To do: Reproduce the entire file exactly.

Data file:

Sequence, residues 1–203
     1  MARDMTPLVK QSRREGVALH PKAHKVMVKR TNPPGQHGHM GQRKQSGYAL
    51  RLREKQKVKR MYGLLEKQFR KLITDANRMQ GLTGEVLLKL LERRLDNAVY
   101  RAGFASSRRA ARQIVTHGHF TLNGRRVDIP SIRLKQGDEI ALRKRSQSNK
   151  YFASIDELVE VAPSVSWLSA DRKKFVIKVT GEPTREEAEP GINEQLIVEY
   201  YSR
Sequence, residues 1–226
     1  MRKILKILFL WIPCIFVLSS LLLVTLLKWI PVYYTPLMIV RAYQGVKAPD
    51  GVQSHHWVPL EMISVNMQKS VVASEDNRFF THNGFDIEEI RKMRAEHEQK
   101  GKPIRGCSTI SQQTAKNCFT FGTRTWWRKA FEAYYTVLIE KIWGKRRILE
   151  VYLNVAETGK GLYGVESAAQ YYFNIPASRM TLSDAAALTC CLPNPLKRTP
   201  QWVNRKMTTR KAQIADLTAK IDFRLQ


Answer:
Sequence, residues 1–203
     1  MARDMTPLVK QSRREGVALH PKAHKVMVKR TNPPGQHGHM GQRKQSGYAL
    51  RLREKQKVKR MYGLLEKQFR KLITDANRMQ GLTGEVLLKL LERRLDNAVY
   101  RAGFASSRRA ARQIVTHGHF TLNGRRVDIP SIRLKQGDEI ALRKRSQSNK
   151  YFASIDELVE VAPSVSWLSA DRKKFVIKVT GEPTREEAEP GINEQLIVEY
   201  YSR
Sequence, residues 1–226
     1  MRKILKILFL WIPCIFVLSS LLLVTLLKWI PVYYTPLMIV RAYQGVKAPD
    51  GVQSHHWVPL EMISVNMQKS VVASEDNRFF THNGFDIEEI RKMRAEHEQK
   101  GKPIRGCSTI SQQTAKNCFT FGTRTWWRKA FEAYYTVLIE KIWGKRRILE
   151  VYLNVAETGK GLYGVESAAQ YYFNIPASRM TLSDAAALTC CLPNPLKRTP
   201  QWVNRKMTTR KAQIADLTAK IDFRLQ